A book review may also tell the reader whether the reviewer liked it, but revealing a reviewer's personal taste is not necessary for an informative book review.

About your reviewer

  • Books are a passion of mine. I read dozens of them each year, plus I listen to audio books.
  • Most of my "reading diet" consists of nonfiction. I think life is too short to use your limited reading time on material that has little or no substance. That leads into my next point...
  • In 1990, I stopped watching television. I have not missed it. At all.
  • I was first published as a preteen. I wrote an essay, and my teacher submitted it to the local paper.
  • For six years, I worked as an editor for a trade publication. I left that job in 2002, and still do freelance editing and authoring for that publication (and for other publications).
  • No book has emerged from my mind onto the best-seller list. So maybe I'm presumptuous in judging the work of others. Then again, I do more describing than judging in my reviews. And I have so many articles now published that I stopped counting them at 6,000. When did I stop? Probably 20,000 articles ago! (It's been a while).
  • I have an engineering degree and an MBA, among other "quant" degrees. That helps explain my methodical approach toward reviews.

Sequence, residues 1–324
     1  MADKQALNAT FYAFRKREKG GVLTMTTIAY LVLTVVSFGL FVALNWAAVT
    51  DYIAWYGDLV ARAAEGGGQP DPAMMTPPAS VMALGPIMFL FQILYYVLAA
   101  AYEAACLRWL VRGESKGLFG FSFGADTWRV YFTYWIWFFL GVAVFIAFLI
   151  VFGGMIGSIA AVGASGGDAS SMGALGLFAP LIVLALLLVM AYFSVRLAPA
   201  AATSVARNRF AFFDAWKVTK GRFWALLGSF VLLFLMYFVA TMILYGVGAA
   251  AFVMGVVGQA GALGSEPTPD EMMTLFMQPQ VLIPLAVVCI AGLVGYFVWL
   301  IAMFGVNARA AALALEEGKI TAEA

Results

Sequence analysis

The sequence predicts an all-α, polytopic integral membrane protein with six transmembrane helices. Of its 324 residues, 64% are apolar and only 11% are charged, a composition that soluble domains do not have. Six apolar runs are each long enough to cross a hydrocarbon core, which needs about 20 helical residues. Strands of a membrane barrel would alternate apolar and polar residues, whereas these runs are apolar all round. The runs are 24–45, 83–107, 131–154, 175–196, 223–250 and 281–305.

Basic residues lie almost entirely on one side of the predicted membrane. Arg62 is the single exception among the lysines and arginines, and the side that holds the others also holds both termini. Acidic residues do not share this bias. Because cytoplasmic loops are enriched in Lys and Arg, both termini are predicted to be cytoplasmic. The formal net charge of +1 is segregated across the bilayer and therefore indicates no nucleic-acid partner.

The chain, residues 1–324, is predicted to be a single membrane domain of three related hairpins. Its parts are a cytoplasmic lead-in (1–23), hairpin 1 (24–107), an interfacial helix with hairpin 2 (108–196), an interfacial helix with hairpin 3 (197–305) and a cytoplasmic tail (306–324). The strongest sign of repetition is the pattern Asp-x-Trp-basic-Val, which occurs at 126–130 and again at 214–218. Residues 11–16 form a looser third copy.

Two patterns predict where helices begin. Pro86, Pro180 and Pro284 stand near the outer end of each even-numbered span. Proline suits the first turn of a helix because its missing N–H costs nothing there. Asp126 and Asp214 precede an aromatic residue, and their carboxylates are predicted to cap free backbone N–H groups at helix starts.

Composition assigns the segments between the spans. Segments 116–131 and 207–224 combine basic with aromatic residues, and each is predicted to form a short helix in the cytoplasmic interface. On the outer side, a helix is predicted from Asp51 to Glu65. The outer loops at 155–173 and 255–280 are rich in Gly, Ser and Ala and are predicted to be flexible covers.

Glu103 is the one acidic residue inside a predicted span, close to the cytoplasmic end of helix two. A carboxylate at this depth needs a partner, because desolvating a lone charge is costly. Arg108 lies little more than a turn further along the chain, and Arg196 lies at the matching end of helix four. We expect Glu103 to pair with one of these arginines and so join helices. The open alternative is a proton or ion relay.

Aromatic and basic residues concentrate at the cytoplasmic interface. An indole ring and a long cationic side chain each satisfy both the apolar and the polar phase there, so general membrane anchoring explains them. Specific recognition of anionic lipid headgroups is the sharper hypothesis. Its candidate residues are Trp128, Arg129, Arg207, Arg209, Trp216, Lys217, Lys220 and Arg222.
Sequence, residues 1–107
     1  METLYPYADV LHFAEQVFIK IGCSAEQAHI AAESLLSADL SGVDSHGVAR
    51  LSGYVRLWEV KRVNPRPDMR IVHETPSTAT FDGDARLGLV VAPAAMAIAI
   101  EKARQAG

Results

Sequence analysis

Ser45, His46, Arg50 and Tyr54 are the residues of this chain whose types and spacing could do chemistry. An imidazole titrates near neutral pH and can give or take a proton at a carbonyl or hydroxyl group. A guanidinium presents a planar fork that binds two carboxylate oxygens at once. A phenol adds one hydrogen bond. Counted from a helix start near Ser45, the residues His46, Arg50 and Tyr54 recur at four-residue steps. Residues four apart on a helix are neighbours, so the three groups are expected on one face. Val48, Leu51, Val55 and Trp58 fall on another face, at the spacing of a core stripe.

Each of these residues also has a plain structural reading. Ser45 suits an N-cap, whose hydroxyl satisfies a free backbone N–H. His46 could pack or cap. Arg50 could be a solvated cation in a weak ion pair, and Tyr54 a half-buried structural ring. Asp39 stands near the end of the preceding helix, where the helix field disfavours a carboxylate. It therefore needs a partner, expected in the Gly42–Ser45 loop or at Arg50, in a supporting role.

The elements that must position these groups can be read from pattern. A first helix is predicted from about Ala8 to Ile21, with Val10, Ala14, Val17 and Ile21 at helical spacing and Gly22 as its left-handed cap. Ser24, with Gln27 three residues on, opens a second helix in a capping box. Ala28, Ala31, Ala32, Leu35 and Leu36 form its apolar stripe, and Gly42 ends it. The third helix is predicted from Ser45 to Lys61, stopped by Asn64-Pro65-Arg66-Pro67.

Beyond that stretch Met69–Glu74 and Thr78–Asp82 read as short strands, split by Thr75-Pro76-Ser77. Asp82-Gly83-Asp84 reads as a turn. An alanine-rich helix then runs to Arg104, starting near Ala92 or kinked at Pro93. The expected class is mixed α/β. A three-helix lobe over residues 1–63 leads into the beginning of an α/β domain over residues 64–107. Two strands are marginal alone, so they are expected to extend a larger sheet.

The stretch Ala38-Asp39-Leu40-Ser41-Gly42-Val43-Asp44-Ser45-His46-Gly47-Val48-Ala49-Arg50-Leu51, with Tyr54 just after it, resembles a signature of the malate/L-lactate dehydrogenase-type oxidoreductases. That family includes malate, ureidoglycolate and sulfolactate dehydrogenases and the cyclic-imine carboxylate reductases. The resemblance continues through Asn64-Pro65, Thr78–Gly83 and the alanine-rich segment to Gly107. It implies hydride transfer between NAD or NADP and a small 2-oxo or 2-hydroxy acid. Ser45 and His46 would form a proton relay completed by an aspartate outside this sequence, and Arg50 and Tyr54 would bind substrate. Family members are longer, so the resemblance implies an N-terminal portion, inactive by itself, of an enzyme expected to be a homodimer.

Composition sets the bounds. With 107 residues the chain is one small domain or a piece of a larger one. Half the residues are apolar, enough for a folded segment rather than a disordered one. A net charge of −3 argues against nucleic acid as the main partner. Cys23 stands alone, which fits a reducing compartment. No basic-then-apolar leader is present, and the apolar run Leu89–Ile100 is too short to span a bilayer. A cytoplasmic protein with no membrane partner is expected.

• You probably don't know anybody who has made a perfect or near perfect score on a test of Standard Written English. I have. So, a credential for whatever it's worth.

About reading style

No, I do not "speed read" through these. That said, I do read at a fast rate. But, in contrast to speed reading, I read everything when I read a book for review.

Speed reading is a specialized type of reading that requires skipping text as you go. Using this technique, I've been able to consistently "max out" a speed reading machine at 2080 words per minute with 80% comprehension. This method is great if you are out to show how fast you can read. But I didn't use it in graduate school and I don't use it now. I think it takes the joy out of reading, and that pleasure is a big part of why I read.